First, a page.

Finding Freedom and Poetry in One Wellesley Summer
By Nathalie Sieh 2017 Wellesley Exploratory Workshop Participant
I was never interested in writing when I was younger. I actually feared writing for the main reason that I am dyslexic. Numbers had always come easier to me and because of that, I grew up believing that I must not be a good writer. It was not until middle school that I was introduced to poetry, and it was not by a teacher or through my school. Rather, my first encounter to what would soon become everything to me came from my mother.
My mother is very artistic, and in her downtime, she would paint murals or write about her life experiences in a poetic way. She never forced me to read or write anything; yet still, I would read her work and scribble notes of my own. Quickly, I was drawn to the power that words could hold and would find myself spending more and more time writing than anything else. She encouraged me to pursue this newly found interest in poetry and introduced me to many different poets that were neither deterred nor confined by the standard ideals of writing.
I fell in love with my words creating life on the same blank pages that once taunted me. I became a self-taught poet by high school and had a collection of my own. Even so, I never shared my work until I went to One Wellesley Summer’s Pre-College Exploratory Workshop titled “Writing Poetry” this past July. Nine other girls and two highly praised poets (Heather Corbally Bryant, Visiting Lecturer in the Wellesley Writing Program and Lynne Spigelmire Viti, Senior Lecturer in the Wellesley Writing Program) became the first outside support and outward confidence I had in my poetry. “The most common way people give up their power is by thinking they don’t have any” - (Alice Walker). For the first time in my life, I finally had a voice for my poetry. I found my voice at Wellesley's Summer Programs and I learned how to speak loudly with it.
The most poignant moment I had in the “Writing Poetry” workshop was when our class reserved the Davis Museum and we were able to walk around in silence to write poetry inspired by other art. This was an excellent activity because we were surrounded by other artists like us, who pour their soul out into their work. One particular sculpture caught my eye. I sped over, plopped myself down in front of it, and the words began to spill out of me as if they had always been there. It was the most beautiful sculpture I have ever seen - the fluorescent light kissing every edge, making it glow. I admired such a marvelous creation for so long that I lost track of time. It was not until much later that I noticed the title of the sculpture: Rape of a Sabine.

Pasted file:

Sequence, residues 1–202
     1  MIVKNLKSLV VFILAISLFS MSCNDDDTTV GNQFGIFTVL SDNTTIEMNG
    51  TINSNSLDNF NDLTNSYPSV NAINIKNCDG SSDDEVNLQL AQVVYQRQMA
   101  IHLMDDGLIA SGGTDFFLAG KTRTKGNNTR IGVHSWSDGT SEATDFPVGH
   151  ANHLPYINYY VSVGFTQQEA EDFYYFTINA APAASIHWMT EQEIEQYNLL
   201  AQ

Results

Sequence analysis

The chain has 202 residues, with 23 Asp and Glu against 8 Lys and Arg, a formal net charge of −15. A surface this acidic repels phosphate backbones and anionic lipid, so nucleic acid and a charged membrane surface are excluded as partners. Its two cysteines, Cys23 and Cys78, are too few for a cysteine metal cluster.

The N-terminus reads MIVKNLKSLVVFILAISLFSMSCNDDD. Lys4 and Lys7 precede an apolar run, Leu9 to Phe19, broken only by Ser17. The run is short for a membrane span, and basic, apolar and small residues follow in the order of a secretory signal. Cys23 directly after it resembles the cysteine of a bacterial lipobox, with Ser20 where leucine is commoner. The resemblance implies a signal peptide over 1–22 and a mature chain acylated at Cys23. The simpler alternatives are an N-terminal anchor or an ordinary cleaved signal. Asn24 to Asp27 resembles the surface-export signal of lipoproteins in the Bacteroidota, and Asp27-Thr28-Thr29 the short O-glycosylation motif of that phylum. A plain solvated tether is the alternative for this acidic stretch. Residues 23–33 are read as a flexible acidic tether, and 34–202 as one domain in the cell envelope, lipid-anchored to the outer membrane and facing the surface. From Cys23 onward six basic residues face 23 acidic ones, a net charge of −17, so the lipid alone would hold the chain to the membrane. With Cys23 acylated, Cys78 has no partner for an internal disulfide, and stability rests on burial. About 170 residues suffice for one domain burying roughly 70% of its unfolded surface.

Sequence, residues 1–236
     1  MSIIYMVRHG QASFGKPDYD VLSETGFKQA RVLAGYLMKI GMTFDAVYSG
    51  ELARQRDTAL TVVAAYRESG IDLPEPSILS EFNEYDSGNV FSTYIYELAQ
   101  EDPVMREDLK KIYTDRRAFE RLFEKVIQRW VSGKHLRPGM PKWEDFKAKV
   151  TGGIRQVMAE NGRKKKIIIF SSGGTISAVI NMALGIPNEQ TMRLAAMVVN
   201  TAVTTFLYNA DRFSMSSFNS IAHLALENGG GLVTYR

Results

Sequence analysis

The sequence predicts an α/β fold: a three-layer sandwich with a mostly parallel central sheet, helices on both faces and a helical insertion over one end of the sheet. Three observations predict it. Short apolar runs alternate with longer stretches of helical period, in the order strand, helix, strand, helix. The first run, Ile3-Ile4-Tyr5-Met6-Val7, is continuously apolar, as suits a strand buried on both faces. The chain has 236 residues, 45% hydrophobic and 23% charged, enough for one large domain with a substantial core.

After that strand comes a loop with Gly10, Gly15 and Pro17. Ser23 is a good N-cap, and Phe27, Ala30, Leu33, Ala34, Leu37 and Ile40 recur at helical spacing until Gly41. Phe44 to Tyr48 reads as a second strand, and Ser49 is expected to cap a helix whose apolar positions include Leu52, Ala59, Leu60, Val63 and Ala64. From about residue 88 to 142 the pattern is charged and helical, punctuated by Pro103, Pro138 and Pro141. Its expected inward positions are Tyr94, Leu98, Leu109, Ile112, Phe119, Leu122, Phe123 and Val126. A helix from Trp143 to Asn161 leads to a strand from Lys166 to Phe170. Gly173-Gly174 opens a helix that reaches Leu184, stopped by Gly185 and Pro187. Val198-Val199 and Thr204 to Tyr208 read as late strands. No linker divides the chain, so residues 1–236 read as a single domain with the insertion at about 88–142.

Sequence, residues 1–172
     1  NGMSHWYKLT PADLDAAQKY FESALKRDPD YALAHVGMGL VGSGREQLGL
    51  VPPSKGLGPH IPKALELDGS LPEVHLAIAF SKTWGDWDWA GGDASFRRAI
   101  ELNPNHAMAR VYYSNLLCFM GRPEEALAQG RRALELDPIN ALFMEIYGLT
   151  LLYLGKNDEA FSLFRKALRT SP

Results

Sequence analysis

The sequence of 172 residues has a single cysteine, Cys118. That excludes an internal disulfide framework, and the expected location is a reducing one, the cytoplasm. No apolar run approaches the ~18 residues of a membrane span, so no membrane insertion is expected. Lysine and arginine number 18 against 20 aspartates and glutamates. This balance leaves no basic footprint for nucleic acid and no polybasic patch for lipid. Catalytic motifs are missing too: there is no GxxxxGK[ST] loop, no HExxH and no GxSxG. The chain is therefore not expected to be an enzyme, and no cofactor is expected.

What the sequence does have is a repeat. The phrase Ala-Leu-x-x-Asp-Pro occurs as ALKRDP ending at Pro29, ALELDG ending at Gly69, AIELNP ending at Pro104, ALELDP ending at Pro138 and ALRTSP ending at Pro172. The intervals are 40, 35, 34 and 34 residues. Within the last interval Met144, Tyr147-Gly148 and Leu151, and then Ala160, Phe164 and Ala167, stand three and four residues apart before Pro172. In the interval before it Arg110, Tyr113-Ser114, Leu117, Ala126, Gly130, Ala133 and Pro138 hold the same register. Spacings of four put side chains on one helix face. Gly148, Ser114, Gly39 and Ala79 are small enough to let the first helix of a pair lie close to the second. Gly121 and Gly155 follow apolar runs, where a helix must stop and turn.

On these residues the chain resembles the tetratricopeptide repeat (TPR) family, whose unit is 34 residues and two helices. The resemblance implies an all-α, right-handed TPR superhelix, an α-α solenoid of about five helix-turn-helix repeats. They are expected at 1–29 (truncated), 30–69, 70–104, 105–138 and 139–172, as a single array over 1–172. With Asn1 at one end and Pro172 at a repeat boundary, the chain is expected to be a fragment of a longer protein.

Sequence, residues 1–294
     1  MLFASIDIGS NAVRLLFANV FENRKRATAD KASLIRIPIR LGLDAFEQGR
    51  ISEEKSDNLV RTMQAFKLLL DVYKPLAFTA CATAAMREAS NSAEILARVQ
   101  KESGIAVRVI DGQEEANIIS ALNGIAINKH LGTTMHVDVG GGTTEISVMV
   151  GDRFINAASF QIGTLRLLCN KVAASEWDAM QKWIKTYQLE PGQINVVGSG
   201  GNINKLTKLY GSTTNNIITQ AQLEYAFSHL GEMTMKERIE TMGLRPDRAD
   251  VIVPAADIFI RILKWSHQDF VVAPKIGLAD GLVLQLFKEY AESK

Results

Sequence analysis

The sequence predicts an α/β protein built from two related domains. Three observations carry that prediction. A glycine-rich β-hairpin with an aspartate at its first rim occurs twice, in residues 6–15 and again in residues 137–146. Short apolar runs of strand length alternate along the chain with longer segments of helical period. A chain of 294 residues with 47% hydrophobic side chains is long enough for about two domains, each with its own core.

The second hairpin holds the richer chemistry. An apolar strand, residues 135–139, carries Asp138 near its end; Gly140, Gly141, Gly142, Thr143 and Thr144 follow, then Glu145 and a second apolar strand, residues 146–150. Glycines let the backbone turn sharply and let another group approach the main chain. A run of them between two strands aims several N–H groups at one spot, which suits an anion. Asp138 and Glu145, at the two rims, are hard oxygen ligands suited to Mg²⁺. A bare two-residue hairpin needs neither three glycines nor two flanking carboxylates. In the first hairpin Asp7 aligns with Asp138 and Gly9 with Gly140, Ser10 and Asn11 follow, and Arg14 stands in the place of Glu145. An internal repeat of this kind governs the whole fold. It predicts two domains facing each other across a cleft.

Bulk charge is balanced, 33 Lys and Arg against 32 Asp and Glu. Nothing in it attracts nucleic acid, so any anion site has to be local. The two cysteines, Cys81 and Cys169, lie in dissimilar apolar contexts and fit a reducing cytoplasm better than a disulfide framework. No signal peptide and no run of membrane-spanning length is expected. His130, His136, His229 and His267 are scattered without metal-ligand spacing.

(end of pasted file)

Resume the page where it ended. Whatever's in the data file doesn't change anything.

At that moment, my whole perspective shifted and I was not writing about what I had thought. I re-read my poem and the whole meaning changed. I realized then that words only have so much power to them. The mind is the strength of the art, not the pen. I did not change a single word because I felt that the impact this change of perspective had on me is one that should be experienced. As the author, I decided to place the title at the end of my poem rather than at the beginning. Those who read my work can experience what I did; they can experience a part of my life, my mind, my soul.
My favorite subject remains mathematics, but poetry has become my freedom. I had been confined and trapped behind bars made of fear and the unknown. But, I was taught at One Wellesley Summer that I was the one who had put the bars up and I had the will-power to take them down; and, I not only took them down, I shattered them. I have been awarded 1 Gold Key, 2 Silver Keys and 1 Honorable Mention from the Scholastic Art & Writing Awards program, as well as a full-tuition scholarship to any Florida State College for my poetry. I hope to continue to study and craft my art through high school and beyond! Thank you One Wellesley Summer!